89°F
weather icon Clear

Letters to the Editor, Dec. 6

Voters should approve expense for new aquatic center

Ninety million dollars — $90,000,000 — is the cost for the new aquatic center. This includes the just revised upward price from $40 million to $50 million for the preferred design and the interest of $40 million for the 30 year bond at 4.5 percent. Boulder City has a population of 16,000 people. This is ridiculous.

Roger Hall, Boulder City’s director of Parks and Recreation, stated at the aquatic center public meeting (Nov. 28) that an aquatic center has a lifespan of 25 years. This means that the new aquatic center will be obsolete in 25 years, but there will still be five more years of debt to pay: $3 million per year. That’s very bad financial planning.

I use the existing aquatic center very often for lap swimming. It needs lots of repairs. An investment of less than $5 million would totally restore the filtration system to code standards and eliminate the corrosive chlorine vapors; the pool could be rebuilt to the 7-foot depth needed for swim team competitions; the erratic shower temperature control valves could be replaced; and other needed repairs made.

Where is the money? Interstate 11 has caused a drop in tax revenue and some businesses are leaving Boulder City. School enrollment is decreasing. Another recession is predicted by 2020.

The cost of living and running our city is more expensive every year.

I would love to enjoy swimming at a new aquatic center. But as a Boulder City property owner and taxpayer I regard this $90 million expense as a fantasy wish that will have a terrible hangover — even worse than the Boulder City golf course fiasco council approved.

The Boulder City Council should put this on the ballot for a direct referendum vote.

Fred Dexter

Parks should create habitats for insects

The New York Times magazine’s Nov. 27 issue has an article that causes me to take a fresh look at how Boulder City parks are landscaped. Typically park lawns are mowed to their edges so that they look “nice.”

Some borders of a meter wide or so should be left not mowed to provide habitats for insects, spiders, etc. Food is then available for birds, reptiles and rodents. In the case of Hemenway (Valley) Park, a meter-wide strip from the toilets all the way around to the back of the tennis courts could be left unmowed. An interesting plaque could be set up to explain to visitors the reason for the unmowed strip.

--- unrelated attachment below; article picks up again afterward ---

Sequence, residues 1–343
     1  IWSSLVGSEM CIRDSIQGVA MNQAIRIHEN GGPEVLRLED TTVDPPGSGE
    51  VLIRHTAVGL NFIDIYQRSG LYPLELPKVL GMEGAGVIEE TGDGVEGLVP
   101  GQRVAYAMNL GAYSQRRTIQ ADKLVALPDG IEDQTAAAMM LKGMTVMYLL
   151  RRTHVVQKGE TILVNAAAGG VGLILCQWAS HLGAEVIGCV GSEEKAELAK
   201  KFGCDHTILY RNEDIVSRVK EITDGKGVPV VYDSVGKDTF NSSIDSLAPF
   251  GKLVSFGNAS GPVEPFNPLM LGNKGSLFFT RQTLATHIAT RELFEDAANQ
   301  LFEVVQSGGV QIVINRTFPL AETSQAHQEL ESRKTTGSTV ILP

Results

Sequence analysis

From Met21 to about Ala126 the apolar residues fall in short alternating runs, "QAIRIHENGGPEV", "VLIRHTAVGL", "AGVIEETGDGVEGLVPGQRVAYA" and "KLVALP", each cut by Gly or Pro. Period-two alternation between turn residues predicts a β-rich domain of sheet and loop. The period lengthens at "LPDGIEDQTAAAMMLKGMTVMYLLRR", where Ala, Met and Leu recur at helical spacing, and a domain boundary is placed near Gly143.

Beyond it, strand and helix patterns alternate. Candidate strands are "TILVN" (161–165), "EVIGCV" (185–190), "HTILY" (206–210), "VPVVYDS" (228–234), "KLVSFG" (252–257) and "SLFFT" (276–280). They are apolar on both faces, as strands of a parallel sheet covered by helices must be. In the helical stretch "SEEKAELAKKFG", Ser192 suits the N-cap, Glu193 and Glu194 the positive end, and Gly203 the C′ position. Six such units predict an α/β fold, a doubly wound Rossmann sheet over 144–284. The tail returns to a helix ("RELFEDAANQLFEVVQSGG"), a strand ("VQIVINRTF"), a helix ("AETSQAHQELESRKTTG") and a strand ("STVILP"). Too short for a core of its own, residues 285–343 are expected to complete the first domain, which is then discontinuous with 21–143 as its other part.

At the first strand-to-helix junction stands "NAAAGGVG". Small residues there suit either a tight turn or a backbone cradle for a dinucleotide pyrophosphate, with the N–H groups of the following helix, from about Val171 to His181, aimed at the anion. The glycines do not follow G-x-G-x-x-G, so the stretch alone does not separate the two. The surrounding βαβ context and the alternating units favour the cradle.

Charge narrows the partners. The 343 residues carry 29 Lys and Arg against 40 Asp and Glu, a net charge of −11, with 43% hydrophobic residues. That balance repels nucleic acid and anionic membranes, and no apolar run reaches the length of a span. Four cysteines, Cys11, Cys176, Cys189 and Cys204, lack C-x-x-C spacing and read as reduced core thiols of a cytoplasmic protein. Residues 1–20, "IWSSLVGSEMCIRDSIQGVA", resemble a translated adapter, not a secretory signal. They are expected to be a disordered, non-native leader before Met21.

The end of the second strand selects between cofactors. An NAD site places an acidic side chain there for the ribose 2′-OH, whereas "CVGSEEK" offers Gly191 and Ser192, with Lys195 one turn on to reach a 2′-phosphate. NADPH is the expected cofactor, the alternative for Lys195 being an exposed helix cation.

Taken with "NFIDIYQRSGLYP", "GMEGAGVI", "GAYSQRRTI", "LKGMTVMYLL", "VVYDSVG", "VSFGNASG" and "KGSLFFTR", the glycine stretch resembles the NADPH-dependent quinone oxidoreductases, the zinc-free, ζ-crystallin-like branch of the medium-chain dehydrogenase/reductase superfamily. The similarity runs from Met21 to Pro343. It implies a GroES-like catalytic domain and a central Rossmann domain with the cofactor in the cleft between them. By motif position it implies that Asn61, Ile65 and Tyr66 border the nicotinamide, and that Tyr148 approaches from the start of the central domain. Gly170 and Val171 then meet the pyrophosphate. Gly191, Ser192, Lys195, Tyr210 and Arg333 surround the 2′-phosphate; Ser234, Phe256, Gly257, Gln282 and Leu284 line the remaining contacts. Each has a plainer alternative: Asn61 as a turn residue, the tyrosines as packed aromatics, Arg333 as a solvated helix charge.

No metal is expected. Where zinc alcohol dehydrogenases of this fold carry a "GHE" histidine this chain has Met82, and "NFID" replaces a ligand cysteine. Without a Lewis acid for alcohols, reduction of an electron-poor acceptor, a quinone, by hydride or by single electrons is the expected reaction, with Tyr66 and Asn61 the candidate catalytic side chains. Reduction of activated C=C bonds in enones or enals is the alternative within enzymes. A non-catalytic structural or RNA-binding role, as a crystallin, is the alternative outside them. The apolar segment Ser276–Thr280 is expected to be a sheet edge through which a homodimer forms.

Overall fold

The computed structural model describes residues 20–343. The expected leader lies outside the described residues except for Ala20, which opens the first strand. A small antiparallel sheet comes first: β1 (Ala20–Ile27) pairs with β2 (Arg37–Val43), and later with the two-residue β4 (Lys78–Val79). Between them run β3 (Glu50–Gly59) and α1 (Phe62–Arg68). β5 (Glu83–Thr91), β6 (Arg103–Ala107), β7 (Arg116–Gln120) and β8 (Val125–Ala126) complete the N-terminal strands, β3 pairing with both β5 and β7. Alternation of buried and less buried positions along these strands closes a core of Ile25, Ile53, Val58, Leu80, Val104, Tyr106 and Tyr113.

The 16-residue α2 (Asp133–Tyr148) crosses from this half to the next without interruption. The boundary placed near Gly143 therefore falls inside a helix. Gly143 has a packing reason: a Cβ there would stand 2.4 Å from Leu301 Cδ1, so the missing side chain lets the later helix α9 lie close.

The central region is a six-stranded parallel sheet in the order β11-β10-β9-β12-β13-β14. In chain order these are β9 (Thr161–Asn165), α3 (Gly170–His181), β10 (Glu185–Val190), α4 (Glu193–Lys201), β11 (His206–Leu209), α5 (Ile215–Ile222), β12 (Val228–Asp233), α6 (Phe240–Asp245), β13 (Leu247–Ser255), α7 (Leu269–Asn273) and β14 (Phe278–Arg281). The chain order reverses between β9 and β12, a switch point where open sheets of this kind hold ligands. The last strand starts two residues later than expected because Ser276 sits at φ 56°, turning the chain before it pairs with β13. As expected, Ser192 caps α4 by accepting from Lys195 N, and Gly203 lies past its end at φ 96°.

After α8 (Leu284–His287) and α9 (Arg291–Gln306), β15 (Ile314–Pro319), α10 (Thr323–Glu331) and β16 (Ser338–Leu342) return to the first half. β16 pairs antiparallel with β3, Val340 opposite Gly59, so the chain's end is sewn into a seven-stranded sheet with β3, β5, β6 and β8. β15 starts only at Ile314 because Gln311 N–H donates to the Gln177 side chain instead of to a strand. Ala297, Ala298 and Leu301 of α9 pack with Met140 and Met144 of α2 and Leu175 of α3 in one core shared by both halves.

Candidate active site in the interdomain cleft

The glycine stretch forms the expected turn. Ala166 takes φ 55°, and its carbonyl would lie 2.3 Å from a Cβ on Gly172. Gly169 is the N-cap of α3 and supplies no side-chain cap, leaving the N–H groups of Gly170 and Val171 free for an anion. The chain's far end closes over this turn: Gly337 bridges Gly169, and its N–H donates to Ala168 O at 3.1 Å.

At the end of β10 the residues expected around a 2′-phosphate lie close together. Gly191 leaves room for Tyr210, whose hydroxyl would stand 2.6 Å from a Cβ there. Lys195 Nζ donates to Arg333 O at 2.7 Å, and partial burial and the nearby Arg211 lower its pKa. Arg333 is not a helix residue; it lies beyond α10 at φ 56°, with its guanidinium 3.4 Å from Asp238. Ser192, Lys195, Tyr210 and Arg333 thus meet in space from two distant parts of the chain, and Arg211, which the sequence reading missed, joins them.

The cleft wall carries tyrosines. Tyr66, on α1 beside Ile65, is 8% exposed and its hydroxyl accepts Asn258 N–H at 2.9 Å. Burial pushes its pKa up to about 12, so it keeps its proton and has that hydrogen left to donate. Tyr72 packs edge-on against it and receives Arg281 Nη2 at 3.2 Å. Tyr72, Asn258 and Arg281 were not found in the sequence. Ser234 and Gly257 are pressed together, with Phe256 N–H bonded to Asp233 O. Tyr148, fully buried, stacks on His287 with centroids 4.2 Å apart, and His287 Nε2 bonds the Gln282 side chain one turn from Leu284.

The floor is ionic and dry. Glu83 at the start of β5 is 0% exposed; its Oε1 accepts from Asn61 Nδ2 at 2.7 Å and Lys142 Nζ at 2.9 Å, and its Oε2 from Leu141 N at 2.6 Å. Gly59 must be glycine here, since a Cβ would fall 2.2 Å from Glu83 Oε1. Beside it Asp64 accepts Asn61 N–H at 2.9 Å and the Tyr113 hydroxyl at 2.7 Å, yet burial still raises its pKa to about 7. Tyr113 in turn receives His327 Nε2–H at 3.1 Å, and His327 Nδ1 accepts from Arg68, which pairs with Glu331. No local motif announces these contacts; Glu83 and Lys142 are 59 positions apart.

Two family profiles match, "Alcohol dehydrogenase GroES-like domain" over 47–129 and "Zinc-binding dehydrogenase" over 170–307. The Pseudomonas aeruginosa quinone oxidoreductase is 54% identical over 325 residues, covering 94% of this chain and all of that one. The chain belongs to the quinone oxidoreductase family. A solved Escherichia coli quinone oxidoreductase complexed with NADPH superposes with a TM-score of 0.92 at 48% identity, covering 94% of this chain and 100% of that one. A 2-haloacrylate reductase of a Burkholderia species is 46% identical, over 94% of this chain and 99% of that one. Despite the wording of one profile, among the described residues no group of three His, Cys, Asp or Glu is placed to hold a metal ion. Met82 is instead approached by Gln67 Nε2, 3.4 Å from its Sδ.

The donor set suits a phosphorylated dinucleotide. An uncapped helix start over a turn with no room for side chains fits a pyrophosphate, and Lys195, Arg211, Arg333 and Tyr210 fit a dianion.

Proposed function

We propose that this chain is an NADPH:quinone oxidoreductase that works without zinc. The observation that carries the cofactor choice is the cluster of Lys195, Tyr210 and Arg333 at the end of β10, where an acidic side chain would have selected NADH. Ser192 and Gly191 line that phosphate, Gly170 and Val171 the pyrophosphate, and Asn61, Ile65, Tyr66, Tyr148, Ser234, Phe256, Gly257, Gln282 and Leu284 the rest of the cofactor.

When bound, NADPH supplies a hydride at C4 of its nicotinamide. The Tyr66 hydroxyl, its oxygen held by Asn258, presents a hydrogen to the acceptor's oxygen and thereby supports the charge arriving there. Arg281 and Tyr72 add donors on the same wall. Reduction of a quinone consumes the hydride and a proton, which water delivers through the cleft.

Gary Vesperman

Don't miss the big stories. Like us on Facebook.
THE LATEST
Smart development key to sustainable future

I commend my friend and colleague Mayor (Kiernan) McManus for his comments in the Boulder City Review on Sept. 1 regarding his focus on conservation to best serve the residents of Boulder City. Together, our cities have a long-standing commitment to conservation and sustainability.

Solutions to nation’s woes just take action

What if you had solutions to a multitude of problems? Would you share what you knew or would you hesitate because the facts were contrary to the status quo?

Terrorists killed more than people

Sept. 11 changed us. And not necessarily for the better.

Dont let city become ‘Pothole Paradise’

Two years ago at a public event, a friend got in my face and in an uncharacteristic, agitated voice said, “Fix my street!” Initially I thought he was joking. But after two attempts to change the subject, I realized he wasn’t laughing.

Court of public opinion too quick to judge

Most people know me for my former Throwback Thursday columns with the Boulder City Review and some people may know of me from my failed run for City Council. What people don’t know, however, is that I used to work for actor Johnny Depp through a contract I had running events at multiple properties on the Las Vegas Strip. I was Mr. Depp’s private dining planner for all of his Las Vegas trips, including events with his family.

Relax, it’s Labor Day

Monday is Labor Day, and it’s somewhat ironic that a day devoted to celebrating the American workforce is a day that most of us strive to do anything but work.

Options for conservation must be explored

Fall weather will be a welcome change in the next few weeks, it has been a hot summer. Some of the hottest temperatures on record for Southern Nevada. And most of those records have been over the past few years. We can look at the changes in water levels at Lake Mead and know that things are very different from any other time in our lifetimes.

Agostini, Eagles Closet help those in need

Since the new school year began at the beginning of the month, students and staff members at Boulder City High School have made a variety of changes to help ensure their health and welfare in the wake of COVID-19.

Water’s low cost makes it expendable

Water is essential to life. Humans and every living species can go without many things but not without water; yet many take water for granted. We water our lawns, fill our swimming pools, wash our cars, take long showers, hose down our driveways and rarely even think about the costs involved. Why? Because water is too convenient and, most importantly, inexpensive.

City long devoted to conservation, environmental issues

The water level at Lake Mead fell to 1,068 feet in July 2021. That is the lowest level since the lake was first filled following the Hoover Dam’s dedication in 1935. This month, the federal government has declared a water shortage on the Colorado River for the first time, triggering cutbacks in water allocations to surrounding states from the river.